Koku

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== History ==
== History ==
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The ''Koku'' was originally used as a measurement unit of rice and one ''Koku'' was a large unit used to measure the annual required consumption of one person. Back in these times a form of scrip was used as the main type of currency and was not standardised from region to region and one scrip tendered somewhere wasn't certain to be redeemable elsewhere. This unregulated situation was exploited by trade cartels frequently and binded many labourers to indenture. The [[Hanayakav]] passed various laws which aimed to standardise the monetary system of Kamura and alleviating economic conditions for the lower classes. The Hanayakav's standard issue scrip was pegged with the name ''Koku'' because of the relative ease with which one could buy plentiful rice. Regrettably for the Hanayakav the new system did not save them from falling from power in the [[Kamuran Revolution]] due in part to many lingering social issues.
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The ''Koku'' was originally used as a measurement unit of rice and one ''Koku'' was a large unit used to measure the annual required consumption of one person. Back in these times a form of scrip was used as the main type of currency and was not standardised from region to region and one scrip tendered somewhere wasn't certain to be redeemable elsewhere. This unregulated situation was exploited by trade cartels frequently and binded many labourers to indenture. The [[Hanayaka]] passed various laws which aimed to standardise the monetary system of Kamura and alleviating economic conditions for the lower classes. The Hanayaka's standard issue scrip was pegged with the name ''Koku'' because of the relative ease with which one could buy plentiful rice. Regrettably for the Hanayaka the new system did not save them from falling from power in the [[Kamuran Revolution]] due in part to many lingering social issues.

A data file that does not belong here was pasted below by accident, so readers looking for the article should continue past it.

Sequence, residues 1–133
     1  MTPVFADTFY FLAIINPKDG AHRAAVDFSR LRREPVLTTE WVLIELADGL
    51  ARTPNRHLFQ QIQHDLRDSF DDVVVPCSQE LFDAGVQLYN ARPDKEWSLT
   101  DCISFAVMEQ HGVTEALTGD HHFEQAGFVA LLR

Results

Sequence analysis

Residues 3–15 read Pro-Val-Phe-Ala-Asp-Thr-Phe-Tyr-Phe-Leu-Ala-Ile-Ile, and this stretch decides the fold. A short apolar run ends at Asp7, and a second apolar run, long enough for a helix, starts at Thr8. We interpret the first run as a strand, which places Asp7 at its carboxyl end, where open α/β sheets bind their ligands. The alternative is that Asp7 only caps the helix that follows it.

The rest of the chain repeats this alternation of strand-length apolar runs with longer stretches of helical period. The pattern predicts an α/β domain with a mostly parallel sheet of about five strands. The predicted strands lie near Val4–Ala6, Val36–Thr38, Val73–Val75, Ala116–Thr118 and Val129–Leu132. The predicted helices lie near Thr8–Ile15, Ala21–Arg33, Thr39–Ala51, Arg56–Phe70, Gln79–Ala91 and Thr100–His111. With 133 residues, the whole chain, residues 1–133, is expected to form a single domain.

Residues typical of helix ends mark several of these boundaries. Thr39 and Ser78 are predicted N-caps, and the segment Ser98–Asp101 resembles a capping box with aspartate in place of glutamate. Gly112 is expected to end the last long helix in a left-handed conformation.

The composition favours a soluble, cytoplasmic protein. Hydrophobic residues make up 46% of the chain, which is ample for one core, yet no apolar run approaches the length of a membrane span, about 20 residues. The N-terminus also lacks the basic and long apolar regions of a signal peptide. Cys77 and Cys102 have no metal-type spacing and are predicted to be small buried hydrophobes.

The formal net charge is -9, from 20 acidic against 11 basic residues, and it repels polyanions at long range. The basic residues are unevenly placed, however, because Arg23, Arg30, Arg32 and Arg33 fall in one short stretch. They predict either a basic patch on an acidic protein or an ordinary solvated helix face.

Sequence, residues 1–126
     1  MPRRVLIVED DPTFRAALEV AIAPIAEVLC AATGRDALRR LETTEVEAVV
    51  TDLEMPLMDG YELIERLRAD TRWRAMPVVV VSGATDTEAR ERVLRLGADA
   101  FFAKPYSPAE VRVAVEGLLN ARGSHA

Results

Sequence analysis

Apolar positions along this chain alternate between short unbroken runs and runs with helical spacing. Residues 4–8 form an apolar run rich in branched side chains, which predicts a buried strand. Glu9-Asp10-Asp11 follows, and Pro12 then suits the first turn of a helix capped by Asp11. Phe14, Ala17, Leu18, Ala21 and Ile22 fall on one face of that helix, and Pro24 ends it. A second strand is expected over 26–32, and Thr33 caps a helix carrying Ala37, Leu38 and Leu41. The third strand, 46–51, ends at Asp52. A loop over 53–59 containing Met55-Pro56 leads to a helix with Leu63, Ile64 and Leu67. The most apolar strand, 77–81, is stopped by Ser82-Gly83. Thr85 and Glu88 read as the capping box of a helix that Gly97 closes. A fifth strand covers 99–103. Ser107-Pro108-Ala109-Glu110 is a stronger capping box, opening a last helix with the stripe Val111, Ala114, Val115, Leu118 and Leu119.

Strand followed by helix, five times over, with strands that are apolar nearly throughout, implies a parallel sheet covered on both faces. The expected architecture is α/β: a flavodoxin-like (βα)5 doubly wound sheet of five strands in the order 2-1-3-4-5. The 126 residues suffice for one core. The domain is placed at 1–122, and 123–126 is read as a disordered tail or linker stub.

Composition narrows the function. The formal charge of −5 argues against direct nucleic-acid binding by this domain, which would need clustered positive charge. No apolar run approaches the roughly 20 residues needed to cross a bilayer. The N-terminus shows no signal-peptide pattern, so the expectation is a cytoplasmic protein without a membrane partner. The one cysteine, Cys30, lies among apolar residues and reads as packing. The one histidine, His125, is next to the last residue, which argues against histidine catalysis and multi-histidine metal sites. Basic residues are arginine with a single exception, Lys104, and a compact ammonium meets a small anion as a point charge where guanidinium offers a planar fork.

== Currency ==
== Currency ==

Latest revision as of 02:18, 14 February 2020

The Koku is the national currency of Kamura.

Koku
Koku

File:XXX
Nationality Kamura
Currency symbol
Sub-units Shaku, Masu
Coins 1,2,5 (subunits only)
Banknotes 1,2,5,10,20,50,100 (Koku only)
Backing Gold
Central bank Imperial Bank of Kamura


History

The Koku was originally used as a measurement unit of rice and one Koku was a large unit used to measure the annual required consumption of one person. Back in these times a form of scrip was used as the main type of currency and was not standardised from region to region and one scrip tendered somewhere wasn't certain to be redeemable elsewhere. This unregulated situation was exploited by trade cartels frequently and binded many labourers to indenture. The Hanayaka passed various laws which aimed to standardise the monetary system of Kamura and alleviating economic conditions for the lower classes. The Hanayaka's standard issue scrip was pegged with the name Koku because of the relative ease with which one could buy plentiful rice. Regrettably for the Hanayaka the new system did not save them from falling from power in the Kamuran Revolution due in part to many lingering social issues.

Currency

The new Khatunate following the Revolution began the process of rolling out a fully regulated currency for legal tender across the Empire using the model adopted in Yan. This model broke the primary unit of tender down into various sub units to allow for various sizes of transactions. The Koku was the name given to the largest unit of currency, and broken into 10 Shaku and 100 Masu. These sub-units were also named after the corresponding old rice measurements.

The Koku today is pegged to the Gold Standard () like most currencies used on the international market. It is commonly used beyond Kamura in areas of Davai, Altaia, and Raia as a trusted and relatively stable form of currency. Many of these areas however have unregulated economies still based on barter systems which raises the issue of having to combat inflation if these notes were to re-enter the regulated cash flow. Hence, the Imperial Bank of Kamura regularly reissues new notes to replace old ones which are taken off tender and destroyed where possible.

Legal Issues

Demand for the currency has led to countless attempts at creating forged Koku notes by criminal elements and this has motivated the Imperial Bank to develop various security fail-safes on newer notes to enable one to spot legal tender from the forgeries. These fail-safes include use of watermarks, geometric patterning, intaglio printing and micro-printing to name a few.

The Kamuran legal system also has a host of harsh punitive punishments for counterfeiters of state currency just as they do for smugglers. Those judged to be guilty offenders risk death by beheading.

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